Following that we met with the Deputy Speaker of the People’s Consultative Assembly (MPR) (which is a bit like a Joint sitting of their Parliament which meets to ratify the President’s appointment and meets to receive the President’s reports which are like the US President’s Address to Congress.) Following that, we met the Speaker of the House of Representatives and another 4 Parliamentarians. Indonesia’s Parliament is more innately powerful than Australia’s, as it is more clearly separate from the Government and the Executive. This meeting was quite frank and very useful. Finally we met with the Speaker of the Regional Representatives Council (DPD) which is a new House of Parliament, similar to our Senate. It has 4 representatives directly elected from each region. Included in that meeting were 6 other ‘Senators’, including 3 out of the 4 people elected to represent Aceh. We naturally spent a lot of time getting their views on how the rebuilding of Aceh was going and what could be done better. We are flying to Aceh in the morning to look and listen for ourselves, and I will write more on that afterwards.

The day finished with a reception hosted by Australia’s Ambassador, David Ritchie, at the hotel we are staying at, which was attended by a range of officials and representatives of various organisations. I spent most of my time talking with Australian Embassy workers and getting their assessment of the pluses and minuses of issues locally.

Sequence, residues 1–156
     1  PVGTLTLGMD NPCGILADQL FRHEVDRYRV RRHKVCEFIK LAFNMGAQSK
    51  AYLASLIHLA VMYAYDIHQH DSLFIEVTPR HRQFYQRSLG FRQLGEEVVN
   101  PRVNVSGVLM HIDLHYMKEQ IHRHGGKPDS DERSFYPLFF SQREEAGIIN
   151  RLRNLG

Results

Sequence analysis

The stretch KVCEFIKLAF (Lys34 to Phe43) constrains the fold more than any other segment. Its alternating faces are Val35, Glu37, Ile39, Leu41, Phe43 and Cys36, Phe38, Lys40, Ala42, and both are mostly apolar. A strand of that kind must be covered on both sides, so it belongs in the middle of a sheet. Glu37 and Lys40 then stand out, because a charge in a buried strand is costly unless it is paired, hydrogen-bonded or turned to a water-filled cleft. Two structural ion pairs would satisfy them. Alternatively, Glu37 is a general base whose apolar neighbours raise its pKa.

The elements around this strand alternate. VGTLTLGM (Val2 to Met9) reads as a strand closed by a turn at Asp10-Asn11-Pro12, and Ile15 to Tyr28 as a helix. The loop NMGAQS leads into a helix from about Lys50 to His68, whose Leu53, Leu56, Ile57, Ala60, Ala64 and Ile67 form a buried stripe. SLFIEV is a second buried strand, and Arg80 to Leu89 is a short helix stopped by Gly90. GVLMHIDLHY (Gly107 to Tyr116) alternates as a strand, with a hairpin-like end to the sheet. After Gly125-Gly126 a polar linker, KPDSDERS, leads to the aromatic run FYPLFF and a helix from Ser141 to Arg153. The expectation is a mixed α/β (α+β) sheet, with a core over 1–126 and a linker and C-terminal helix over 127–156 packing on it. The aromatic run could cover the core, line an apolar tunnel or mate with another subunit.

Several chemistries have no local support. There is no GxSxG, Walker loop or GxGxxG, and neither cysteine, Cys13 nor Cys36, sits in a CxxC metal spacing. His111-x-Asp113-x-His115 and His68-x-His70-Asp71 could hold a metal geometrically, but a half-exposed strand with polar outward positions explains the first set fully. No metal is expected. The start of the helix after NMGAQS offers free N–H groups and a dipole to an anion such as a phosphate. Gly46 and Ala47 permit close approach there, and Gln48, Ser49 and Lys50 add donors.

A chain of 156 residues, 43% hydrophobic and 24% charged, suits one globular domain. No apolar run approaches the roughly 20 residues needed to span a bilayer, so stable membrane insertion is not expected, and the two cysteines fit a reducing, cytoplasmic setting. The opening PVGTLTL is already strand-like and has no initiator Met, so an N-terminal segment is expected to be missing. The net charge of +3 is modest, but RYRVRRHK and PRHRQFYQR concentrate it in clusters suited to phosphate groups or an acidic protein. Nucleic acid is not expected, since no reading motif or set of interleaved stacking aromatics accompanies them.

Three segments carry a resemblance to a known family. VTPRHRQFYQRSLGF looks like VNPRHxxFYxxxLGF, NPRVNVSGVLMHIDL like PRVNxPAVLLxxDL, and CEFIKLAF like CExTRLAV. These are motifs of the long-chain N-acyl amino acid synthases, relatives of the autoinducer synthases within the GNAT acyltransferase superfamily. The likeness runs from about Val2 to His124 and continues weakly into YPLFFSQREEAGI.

Whilst $1 billion of Australian Government assistance and the $300 million of aid donated by the Australian people directly, along with wider issues of governance and ways to improve contacts and understanding between Australians and Indonesians were what dominated our discussions in all these meetings, the issue of Schapelle Corby did come up briefly a few times. Again, it is not appropriate to report specific comments, but I can say that I heard nothing from anybody that would give any cause for concern for Ms Corby or her supporters.

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1 Comment

  1. Indonesia is our future, whether Australians like it or not. A strong, democratic, globalised and trading Indonesia will deliver us, and Indonesia, prolonged prosperity. We will be left with a benign neighbourhood, an economy with two hundred and twenty million wealthy consumers on our front doorstep and an ally with the same regional interests as us on the global stage.
    Indonesia’s steps toward this since 1999 have been awesome. Indonesians have done more for liberty, than anglospheric intervention in Iraq has. The “war on terror” ™ for Australia is a foreign policy issue, as Indonesia has been taking the hits for us – again they have exceled, by treating it as a civil matter, not a military one. Consequently they have been more successful than we have.
    There is much to be proud of in Indonesia – I look forward to their ongoing pursuit of their potential and the eradication of many of the remaining and persistent ills of the Suharto dictatorship.